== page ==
- My Garden Guide: Get some helpful advice on building your garden from this site.
- New Gardener: If you’re new to the whole gardening experience, find great articles for beginners here.
Add these books to your library to learn more about starting, running and finding success with your garden.
- How to Grow a School Garden: A Complete Guide for Parents and Teachers:This resource is a must-have for those hoping to start a school garden as it lays out all the essentials you’ll need to get the job done right.
- Steps to a Bountiful Kids’ Garden: Get this guide from the NGA on how to get support and run a successful school garden.
- Ten Years of Education at the Edible Schoolyard: Learn from the experience of the Edible Schoolyard in this informative book.
- Children’s Gardens – A Field Guide for Teachers, Parents, and Volunteers ublished by the University of California, this book will teach you the basics of working with children on garden projects.
- Fresh Food from Small Spaces: The Square-Inch Gardener’s Guide to Year-Round Growing, Fermenting, and Sprouting:This book will teach you how to make the most of even the small space you have to grow you garden.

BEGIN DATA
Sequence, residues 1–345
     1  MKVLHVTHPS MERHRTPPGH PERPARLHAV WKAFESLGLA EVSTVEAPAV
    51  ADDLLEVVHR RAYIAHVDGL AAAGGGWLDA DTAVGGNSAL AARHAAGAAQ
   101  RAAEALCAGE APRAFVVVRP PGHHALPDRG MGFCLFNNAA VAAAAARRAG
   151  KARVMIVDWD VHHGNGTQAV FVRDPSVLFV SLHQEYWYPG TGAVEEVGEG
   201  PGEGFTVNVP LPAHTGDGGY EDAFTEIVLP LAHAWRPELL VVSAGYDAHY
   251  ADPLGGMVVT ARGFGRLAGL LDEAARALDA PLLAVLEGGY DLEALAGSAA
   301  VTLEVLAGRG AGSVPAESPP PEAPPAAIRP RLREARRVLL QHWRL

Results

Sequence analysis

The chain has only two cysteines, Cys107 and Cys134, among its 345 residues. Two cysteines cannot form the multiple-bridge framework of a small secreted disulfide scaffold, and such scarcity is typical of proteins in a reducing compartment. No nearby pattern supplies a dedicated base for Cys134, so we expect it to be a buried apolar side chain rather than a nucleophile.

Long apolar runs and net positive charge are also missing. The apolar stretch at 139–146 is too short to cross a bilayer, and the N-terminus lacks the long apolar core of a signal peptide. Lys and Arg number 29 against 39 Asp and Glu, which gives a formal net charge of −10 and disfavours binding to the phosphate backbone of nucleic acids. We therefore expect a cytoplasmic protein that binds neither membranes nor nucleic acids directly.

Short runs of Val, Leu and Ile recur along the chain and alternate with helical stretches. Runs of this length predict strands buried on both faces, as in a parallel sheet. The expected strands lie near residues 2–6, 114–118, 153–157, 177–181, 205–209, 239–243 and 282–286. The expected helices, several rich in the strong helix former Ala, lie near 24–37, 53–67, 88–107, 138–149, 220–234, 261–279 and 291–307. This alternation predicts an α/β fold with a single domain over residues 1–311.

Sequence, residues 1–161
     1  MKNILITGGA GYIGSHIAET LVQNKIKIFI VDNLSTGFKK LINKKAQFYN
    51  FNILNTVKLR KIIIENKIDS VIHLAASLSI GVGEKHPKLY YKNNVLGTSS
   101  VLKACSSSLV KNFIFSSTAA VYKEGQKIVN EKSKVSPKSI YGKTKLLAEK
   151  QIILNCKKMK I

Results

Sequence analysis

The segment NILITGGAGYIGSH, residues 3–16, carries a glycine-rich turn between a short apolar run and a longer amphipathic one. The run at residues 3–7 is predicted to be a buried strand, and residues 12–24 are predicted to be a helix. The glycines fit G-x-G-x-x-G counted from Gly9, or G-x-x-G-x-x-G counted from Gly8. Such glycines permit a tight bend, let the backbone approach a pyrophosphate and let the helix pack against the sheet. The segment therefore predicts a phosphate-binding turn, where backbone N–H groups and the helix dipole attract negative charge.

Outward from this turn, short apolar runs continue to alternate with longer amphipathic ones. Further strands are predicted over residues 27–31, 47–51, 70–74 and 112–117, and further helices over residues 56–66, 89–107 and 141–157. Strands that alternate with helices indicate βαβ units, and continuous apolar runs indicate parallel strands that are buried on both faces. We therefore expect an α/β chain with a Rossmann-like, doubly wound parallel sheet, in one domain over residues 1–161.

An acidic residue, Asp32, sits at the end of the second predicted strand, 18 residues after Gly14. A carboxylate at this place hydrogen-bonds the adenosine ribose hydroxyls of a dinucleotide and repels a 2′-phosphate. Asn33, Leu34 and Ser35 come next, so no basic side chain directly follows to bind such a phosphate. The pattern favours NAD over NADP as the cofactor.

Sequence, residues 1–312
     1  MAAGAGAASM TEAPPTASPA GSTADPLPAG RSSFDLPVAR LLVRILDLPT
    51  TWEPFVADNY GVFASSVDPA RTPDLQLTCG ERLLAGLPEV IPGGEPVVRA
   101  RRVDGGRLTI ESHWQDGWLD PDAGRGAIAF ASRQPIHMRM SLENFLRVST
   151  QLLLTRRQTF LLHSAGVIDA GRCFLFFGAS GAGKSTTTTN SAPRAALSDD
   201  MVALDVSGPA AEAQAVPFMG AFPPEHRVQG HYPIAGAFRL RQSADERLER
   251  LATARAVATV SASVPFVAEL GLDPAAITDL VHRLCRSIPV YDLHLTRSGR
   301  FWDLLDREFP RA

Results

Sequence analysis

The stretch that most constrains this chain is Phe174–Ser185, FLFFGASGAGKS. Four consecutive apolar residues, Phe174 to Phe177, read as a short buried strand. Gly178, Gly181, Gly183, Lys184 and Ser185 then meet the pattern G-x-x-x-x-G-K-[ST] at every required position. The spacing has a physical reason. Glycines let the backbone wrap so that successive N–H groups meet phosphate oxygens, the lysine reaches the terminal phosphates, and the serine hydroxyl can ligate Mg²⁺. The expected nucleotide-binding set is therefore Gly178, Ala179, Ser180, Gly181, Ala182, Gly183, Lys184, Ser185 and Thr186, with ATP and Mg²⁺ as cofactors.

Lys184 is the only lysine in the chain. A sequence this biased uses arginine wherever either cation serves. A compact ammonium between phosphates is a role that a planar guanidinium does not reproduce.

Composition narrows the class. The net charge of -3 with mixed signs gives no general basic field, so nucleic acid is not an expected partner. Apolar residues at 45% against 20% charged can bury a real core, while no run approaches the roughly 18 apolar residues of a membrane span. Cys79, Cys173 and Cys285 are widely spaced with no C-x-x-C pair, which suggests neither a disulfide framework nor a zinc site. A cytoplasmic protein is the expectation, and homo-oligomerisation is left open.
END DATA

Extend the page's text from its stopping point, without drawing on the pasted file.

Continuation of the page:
- Our Generous Garden:In this book, you’ll find an excellent resource for school gardens, including helpful illustrations and photos as well.
- Expert Urban Gardener: This free guide will help you learn to garden better even if your school is located in an urban space.
- The Growing Classroom: Garden-Based Science:Learn how to maximize the lessons of your school garden with this book.
- Garden Projects for the Classroom & Special Learning Programs:Get some great ideas on how to educate your students through the outdoor classroom from this book.
- Roots, Shoots, Buckets & Boots: Gardening Together with Children:This book can be a great introduction for your students to the wonderful world of gardening.